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"And the LORD God made ... trees that were pleasing to the eye ..." Gen. 2:9, New International Version.

"Bonsai isn't just something I do; it's part of what I am." Remark to my wife and daughter.

Wednesday, December 13, 2017

"The Queen of Trees"

     That is the title of a fascinating documentary on the sycamore fig, Ficus sycomorus. One thing that astounded me was the sheer number of different animal species that a sycamore fig will support, literally from ants and (sometimes sozzled) butterflies to elephants!

Ficus sycomorus is native to a large swath of tropical and subtropical Africa, as well as some other adjacent areas. It may be the oldest species of Ficus in cultivation: there is archeological evidence that it was cultivated in Egypt as early as 3000 B.C. It's mentioned a number of times in the Bible; it was a sycamore fig (or just sycomore - note the different spelling) that Zacchaeus climbed in order to see Jesus over the heads of the crowd in Jericho. (Luke 19:1-9.)

Here's a photo of a sycamore fig growing in Ethiopia. The three human figures in the foreground give a sense of scale. Photo credit to Bernard Gagnon.

Ficus sycomorus has long been valued for fruit and shade. The figs are used for animal fodder, as well as being eaten
by wildlife. They are edible for humans, but not as palatable as the figs of Ficus carica.
And here is a link to the documentary: "The Queen of Trees."


:-)  :-)  :-)

Saturday, November 25, 2017

Larch Fall Color

     If you didn't know that there are conifers that shed their foliage every year and grow a full new set in the spring, just like a maple or an elm, don't feel too bad. You're not alone. Perhaps the best known deciduous conifer is the bald cypress (Taxodium distichum.) The larches are also deciduous conifers, known for their clear yellow fall color. That color is one of the features which make them popular for bonsai in areas where conditions are suitable for their growth.

Larch, species unknown, two blocks from my house. Some of the foliage is still turning.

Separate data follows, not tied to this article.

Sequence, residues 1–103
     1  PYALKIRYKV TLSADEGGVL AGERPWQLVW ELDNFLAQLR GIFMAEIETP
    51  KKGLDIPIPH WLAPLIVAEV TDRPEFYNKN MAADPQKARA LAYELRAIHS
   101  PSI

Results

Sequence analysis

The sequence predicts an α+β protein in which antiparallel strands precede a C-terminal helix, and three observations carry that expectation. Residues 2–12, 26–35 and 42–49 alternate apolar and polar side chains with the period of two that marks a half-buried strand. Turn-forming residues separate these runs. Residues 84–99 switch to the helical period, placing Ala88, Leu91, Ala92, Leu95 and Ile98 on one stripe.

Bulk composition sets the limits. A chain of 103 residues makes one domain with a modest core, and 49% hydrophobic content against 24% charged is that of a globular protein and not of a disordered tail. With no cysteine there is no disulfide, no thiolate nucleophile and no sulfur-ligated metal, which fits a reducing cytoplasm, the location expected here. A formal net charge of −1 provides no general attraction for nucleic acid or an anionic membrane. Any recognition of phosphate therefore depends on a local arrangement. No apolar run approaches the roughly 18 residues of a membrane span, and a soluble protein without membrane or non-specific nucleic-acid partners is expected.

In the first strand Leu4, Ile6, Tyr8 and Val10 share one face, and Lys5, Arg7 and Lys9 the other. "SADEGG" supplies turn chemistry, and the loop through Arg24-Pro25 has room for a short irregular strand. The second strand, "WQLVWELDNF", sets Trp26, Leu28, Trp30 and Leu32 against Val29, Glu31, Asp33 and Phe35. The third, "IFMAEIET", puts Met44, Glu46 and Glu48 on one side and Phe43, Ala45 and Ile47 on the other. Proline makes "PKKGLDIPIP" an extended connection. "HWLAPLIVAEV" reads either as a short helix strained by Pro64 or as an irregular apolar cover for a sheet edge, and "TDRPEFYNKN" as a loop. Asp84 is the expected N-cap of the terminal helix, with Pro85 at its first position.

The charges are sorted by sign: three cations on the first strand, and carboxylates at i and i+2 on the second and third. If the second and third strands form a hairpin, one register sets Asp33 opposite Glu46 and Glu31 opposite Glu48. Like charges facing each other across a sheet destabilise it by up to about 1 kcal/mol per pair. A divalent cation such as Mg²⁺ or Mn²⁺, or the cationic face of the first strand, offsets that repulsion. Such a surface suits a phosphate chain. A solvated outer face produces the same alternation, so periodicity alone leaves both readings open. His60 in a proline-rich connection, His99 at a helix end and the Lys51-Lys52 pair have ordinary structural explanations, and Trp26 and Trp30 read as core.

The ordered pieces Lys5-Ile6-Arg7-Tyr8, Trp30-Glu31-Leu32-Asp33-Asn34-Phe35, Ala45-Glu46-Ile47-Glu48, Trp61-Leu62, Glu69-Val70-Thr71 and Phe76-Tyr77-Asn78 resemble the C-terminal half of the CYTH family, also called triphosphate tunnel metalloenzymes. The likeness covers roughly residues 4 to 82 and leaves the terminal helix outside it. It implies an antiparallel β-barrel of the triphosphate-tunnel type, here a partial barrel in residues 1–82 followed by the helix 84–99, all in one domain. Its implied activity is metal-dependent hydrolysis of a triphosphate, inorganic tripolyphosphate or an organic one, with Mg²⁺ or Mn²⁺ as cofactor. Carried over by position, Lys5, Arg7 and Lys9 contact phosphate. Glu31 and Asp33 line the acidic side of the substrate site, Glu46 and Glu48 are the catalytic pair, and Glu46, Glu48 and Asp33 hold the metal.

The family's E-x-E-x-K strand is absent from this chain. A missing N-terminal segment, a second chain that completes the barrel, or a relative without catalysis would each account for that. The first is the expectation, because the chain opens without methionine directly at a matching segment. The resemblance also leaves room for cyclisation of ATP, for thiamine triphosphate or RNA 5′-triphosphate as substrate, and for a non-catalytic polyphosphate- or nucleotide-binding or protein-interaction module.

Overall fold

The cones are smaller than a table grape, too small to show in the picture.

There are 10-12 recognized species of larch, depending on the source you consult, as well as a few hybrids; they make up the genus Larix in the family Pinaceae. Besides pines and larches, the Pinaceae family includes spruces, firs, hemlocks, true cedars (Cedrus), and a few other genera.

Three species of larch are commonly used for bonsai: Larix decidua, European larch; Larix kaempferi, a.k.a. Larix leptolepis, Japanese larch; and Larix laricina, American larch or tamarack. American larch is native to Canada and parts of the eastern USA. My location in Indiana is just within its native range. It's very adaptable, fairly fast-growing when young, and shrugs off cold like a musk ox.

I picked up a pre-bonsai Larix laricina at MABA 2017; my lovely wife bought it for me as an early Christmas present. And it's turning color too.

My larch bonsai-in-the-making. The trunk just above the nebari is a little more than 1 inch in diameter.
This is my first real try with a larch, so I've been reading up on its care and am thankful that I live within its native range. Once the needles fall I will finish styling the uppermost branches. I have a Sara Rayner pot that I think will suit it, come next spring. If all goes well, it should be on display within a couple of years. Wish me the best!

:-)  :-)  :-)

Tuesday, October 31, 2017

Staving Off Winter (As Much As I Can)

     This has been a busy summer and fall, and between one thing and another I (still!) did not have winter quarters ready for my tropicals when our first frost was predicted a week ago. The "tropical bonsai two-step" - taking the trees into the house for the nite and then back outside when things warm up enough the next day - is better than losing trees, but still a cumbersome process when you have more than two dozen tropicals of all sizes. And it does inconvenience my wife.

I've recently subscribed to Ryan Neill's weekly live-stream broadcast from Bonsai Mirai. The evening before the frost warning, in what I consider a little gift from God, Ryan mentioned something that for me was serendipitous. Plant tissues, he said, become endangered by cold at 28° F, not at 32° F (the freezing point of water), as one would expect. That's because water inside a tree's tissues doesn't freeze (creating ice crystals, which do the damage) until the air temperature outside the tree gets down to about 28° F. (For readers accustomed to Celsius, 28° F is equivalent to -2.22° C.)

That's partly because the outermost layers of bark and cuticle slow heat loss, partly because water itself has a high heat retention capacity, and partly because of the sugars, starches and other substances dissolved in the intra-tissue water, which lower its freezing point. (Any substance dissolved in water lowers its freezing point and raises its boiling point, to one degree or another. Anything.)